Technologies put forward that attempt to block and ensnare cyber-criminals and the more infamous advances of said cyber-criminals searching for new loopholes and implementing fresh attacks. Unfortunately, just as tech advances such as artificial intelligence aid the security world in the design and development of modern defences, so too is it being used by hackers in automated attacks that are able to more quickly break into user accounts. Overall, cyber-security is a chicken and egg conundrum that’s not likely to change in the foreseeable future.
With regards to security breaches and cyber-attacks, said Jonathan Couch, SVP of Strategy at ThreatQuotient, at the end of last year, “Unfortunately right now I think we’re still in that area where the bad guys are winning.” According to Trend Micro’s Rundown of the Biggest Cybersecurity Incidents of 2016, ransomware attackers were the most persistent cyber-criminals, while Mirai with the capability of turning devices into DDoS attacking bots took the role of worst all-round troublemaker. In 2016 we unfortunately also saw the first successful cyber-attack on an industrial facility when parts of the Ukrainian power grid were captured causing unscheduled power outages that affected approximately a quarter of a million customers. And with news in December of over a billion users breached and compromised, Yahoo takes the dubious prize for largest breach on record. Along with SWIFT vulnerabilities, the prevalence of ransomware, and further vulnerabilities coming to light, 2016’s cyber-security landscape was troubled, to say the least.
A New Year, a New Strategy?
As much as we’d like to believe that all these holes have been plugged, 2016’s cybersecurity failures imply more to follow in 2017. Experts believe IoT will continue to be vulnerable to attack this year, but with the landscape broadening across personal, business, and governmental areas, as well as innovations and adoptions steadily expanding, the potential for attacks cresting even the recent DDoS attack on Dyn can be envisaged. Malware is also being predicted to be an active threat this year, and with artificial intelligence imbuing such methods with greater ability as well as the industrialisation of cybercrime, it’s a race to see whether security providers and experts can plug holes as quickly as they appear.
Gladly, security automation and orchestration could provide greater defence against cybercrime through machine learning, behavioural analytics, and threat intelligence, but while bolstering the security field and filling skill gaps, such innovations can also be exploited for immoral assistance’s; just as autonomous security programs seek out and patch vulnerabilities, so too can autonomous hacking programs seek vulnerabilities, but with a very different end goal in mind. Ransomware is also likely to evolve in 2017, and being one of the ‘better paid’ forms of cybercrime, organizations will have to review strategies to safeguard their systems and data. Regrettably, some experts predict ransomware attacks may develop from primarily finance-driven models to efforts to influence business decisions and policies, affecting strategic outcomes.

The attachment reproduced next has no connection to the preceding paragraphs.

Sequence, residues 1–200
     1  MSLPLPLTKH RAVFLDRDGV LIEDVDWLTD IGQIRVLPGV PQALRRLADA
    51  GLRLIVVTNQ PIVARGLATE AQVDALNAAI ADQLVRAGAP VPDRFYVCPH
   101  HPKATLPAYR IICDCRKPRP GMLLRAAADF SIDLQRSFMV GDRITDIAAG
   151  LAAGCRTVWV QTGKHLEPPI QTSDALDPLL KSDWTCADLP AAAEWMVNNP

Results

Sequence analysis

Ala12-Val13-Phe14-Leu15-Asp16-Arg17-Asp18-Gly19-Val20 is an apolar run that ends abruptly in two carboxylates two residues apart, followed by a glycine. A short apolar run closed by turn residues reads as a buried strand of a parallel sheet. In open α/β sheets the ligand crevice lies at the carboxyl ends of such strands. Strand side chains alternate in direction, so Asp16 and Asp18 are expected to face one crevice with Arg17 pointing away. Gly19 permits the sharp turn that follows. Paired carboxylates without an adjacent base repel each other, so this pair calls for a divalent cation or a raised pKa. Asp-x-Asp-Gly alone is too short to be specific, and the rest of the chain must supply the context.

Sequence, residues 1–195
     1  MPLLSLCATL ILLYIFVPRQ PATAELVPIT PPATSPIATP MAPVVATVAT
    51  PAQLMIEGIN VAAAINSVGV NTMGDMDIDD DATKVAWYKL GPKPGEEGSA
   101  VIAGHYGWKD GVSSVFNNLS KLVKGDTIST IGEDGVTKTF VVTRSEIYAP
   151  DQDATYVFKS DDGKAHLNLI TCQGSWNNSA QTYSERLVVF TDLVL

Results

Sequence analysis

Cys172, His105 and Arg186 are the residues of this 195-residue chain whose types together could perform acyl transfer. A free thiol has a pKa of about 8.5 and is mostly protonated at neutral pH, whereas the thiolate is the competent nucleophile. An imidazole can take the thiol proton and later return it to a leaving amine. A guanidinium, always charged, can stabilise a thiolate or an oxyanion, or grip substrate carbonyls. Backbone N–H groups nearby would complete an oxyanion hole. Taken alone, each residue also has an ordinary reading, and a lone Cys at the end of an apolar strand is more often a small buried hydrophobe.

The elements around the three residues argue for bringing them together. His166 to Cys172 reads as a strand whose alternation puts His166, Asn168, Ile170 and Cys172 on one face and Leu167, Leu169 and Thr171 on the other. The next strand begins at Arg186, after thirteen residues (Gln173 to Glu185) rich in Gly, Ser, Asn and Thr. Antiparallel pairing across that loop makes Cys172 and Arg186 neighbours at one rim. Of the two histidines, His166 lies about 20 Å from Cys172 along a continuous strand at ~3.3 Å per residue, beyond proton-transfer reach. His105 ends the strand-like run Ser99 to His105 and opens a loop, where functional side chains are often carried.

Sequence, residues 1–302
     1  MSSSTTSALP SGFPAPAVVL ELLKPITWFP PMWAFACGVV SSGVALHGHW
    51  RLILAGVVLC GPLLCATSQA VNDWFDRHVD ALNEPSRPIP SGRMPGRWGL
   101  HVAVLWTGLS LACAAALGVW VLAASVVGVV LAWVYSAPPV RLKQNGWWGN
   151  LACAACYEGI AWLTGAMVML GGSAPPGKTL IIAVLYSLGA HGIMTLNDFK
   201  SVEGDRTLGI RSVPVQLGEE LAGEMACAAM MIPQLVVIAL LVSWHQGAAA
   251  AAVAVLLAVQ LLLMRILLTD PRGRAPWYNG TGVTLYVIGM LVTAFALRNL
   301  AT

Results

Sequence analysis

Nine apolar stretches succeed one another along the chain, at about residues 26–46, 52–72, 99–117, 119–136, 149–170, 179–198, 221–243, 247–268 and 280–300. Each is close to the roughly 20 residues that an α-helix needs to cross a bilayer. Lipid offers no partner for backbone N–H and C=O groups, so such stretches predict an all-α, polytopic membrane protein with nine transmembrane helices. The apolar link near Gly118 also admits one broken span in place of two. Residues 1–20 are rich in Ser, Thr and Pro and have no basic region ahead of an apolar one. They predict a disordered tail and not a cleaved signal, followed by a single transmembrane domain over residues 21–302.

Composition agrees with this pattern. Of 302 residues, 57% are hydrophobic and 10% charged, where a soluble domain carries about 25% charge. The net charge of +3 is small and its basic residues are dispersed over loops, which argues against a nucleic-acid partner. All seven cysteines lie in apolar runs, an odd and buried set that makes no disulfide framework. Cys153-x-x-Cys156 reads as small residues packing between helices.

A daunting setting, but it’s important not to forget the good guys tirelessly battling these challenges, racing against the clock to prevent intrusions, disruptions and violations; the news seldom highlights failed assaults and successful threat prevention, but they are growing as significantly as the misdeeds. Going forward, organisations and individuals will have to make the commitment to get more involved in cybersecurity; it’s no longer enough to trust providers with this eternal task. Regulators are already coming to the fore helping consumers and providers alike implement necessary security strategies, and the practical among us track current trends while implementing policies that limit vulnerability. It’s time to pick a side, and those reluctant to join the fight against cybercrime are directly enhancing the position and tools of cyber-criminals.
By Jennifer Klostermann